testament to their lives and art. The film will be produced, directed and
narrated by Seattle filmmaker/journalist John Sharify, the winner of
multiple Edward R. Murrow and Emmy Awards. Sharify has already begun filming
the firsthand testimonies of the six remaining survivors – now spread across
four continents – from the Terezín boy’s room whose young residents created
their extraordinary secret magazine VEDEM.
World premiere: May 10, 2010, Benaroya Hall, Seattle, WA, at Music of Remembrance's Holocaust Memorial Day Concert.
This Holocaust oratorio by award-winning composer Lori Laitman and poet/librettist David Mason tells the astonishing story of the boys at Terezín and their clandestine journal Vedem, of which, about 800 pages remain. (Petr Ginz became Vedem’s only editor-in-chief at 14; at fifteen he died at Auschwitz.) The incomparable Northwest Boychoir, along with tenor Ross Hauck and mezzo-soprano Angela Niederloh, join us to unveil this extraordinary work on May 10, 2010. Says Laitman:
When Mina Miller suggested the story of Vedem to me, I was touched by the courage of these boys and the beauty of their art. I asked poet David Mason, with whom I had collaborated on my opera The Scarlet Letter, to create a libretto—the result was a brilliant poetic verse drama entwined with six of the original Vedem poems. This libretto allowed me to capture not only the tragic aspects of the boys’ lives, but also their humanity—their little worries, their spirited response to adversity, their yearnings, and their humor—with an equal range of musical responses to the text. For the [Northwest] Boychoir, I fashioned melodies appropriate for children to sing (listen for the Vedem tune). Leitmotifs unify the score and underpin the dramatic action, and the more vocally intricate sections are reserved for the soloists. The theme from Dvorak’s Humoresque serves as a counterpoint to “Love in The Floodgates,” inspired by survivor Emil Kopel enduring a death march in Buchenwald by replaying this tune in his head. The instrumental interlude introduced in the first section, “The Transports,” reappears in various guises, ultimately merging with the voices, who intone the names of the dead. Vedem was composed between May 2009 and January 2010.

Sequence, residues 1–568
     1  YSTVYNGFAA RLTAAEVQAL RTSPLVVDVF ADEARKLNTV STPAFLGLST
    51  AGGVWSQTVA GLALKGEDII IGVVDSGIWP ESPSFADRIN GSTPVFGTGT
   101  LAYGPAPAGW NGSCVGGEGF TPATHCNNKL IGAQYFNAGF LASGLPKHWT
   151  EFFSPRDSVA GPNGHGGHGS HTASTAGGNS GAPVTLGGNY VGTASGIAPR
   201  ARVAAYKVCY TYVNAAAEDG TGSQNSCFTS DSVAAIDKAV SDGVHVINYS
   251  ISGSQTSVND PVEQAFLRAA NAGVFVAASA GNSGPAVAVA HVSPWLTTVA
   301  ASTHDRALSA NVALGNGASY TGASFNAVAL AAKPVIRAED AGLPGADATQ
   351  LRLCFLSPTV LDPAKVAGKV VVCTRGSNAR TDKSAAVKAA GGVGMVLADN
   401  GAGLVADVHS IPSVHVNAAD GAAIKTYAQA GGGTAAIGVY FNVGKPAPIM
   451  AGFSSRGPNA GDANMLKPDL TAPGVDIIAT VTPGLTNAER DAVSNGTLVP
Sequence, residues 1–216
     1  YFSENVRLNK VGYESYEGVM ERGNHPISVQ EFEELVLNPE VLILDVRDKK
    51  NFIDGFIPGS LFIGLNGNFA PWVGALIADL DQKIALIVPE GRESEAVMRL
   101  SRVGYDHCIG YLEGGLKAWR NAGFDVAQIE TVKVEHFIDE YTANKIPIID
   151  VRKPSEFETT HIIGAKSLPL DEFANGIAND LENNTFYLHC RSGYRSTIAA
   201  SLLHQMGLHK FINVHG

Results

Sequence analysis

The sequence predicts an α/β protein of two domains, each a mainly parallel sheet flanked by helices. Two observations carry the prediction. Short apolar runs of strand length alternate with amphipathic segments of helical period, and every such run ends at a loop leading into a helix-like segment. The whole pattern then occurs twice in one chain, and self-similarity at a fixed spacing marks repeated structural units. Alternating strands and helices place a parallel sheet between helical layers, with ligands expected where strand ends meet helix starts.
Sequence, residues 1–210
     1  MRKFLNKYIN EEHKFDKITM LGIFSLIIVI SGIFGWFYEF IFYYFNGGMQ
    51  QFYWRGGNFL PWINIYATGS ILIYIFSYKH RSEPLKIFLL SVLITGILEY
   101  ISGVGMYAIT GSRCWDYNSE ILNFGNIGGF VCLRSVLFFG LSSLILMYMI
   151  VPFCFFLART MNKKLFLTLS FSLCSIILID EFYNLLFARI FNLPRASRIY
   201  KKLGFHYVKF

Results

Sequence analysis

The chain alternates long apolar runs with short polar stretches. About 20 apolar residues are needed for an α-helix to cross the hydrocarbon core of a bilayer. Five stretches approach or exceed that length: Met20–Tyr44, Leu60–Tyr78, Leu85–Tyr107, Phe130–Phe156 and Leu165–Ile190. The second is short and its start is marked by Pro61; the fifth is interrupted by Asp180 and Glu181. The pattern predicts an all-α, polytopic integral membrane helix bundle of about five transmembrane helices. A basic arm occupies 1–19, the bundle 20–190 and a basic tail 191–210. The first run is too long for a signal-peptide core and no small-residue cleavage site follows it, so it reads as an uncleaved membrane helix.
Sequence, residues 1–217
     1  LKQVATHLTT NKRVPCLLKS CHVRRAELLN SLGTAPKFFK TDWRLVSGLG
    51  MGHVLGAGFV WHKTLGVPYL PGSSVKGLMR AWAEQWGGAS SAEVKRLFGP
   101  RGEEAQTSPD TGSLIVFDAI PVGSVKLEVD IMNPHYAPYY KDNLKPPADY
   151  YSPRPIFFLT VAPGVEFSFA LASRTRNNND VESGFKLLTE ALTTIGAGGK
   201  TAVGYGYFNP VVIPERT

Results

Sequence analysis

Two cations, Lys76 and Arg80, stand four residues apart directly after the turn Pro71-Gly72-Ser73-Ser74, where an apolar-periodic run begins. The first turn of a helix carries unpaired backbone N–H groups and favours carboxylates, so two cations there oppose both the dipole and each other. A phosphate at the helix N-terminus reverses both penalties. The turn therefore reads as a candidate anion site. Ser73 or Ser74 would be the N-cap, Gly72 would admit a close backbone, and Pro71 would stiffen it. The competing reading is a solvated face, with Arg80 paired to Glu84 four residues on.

Laitman's choice of choral and solo settings will allow us to present the work with soloists only, without chorale, in our Sparks of Glory outreach series.
Lori Laitman (b. 1955, Long Beach, NY)
One of America’s most acclaimed composers of vocal music, Lori Laitman’s oeuvre includes over 200 art songs setting the words of classical and contemporary poets, as well as a unique body of music commemorating the Holocaust. Her MOR premieres include Holocaust 1944 (November 2000), Fathers (April 2003), and her first MOR commission, The Seed of Dream (May 2005). Her Holocaust-themed chamber opera, Come To Me in Dreams, had its premiere at Cleveland Opera in 2004. Laitman’s opera The Scarlet Letter, to David Mason’s adaptation of the Hawthorne classic, was commissioned and presented by the University of Central Arkansas in 2008. After Vedem, she and Mason are collaborating on the opera Ludlow, based on Mason’s epic verse novel. Recently Laitman was the “Featured Composer” on songofamerica.net, Thomas Hampson’s new website. Her music has been released on Albany, Naxos, Channel Classics and other labels. Laitman received her B.A. and M.M. from Yale University.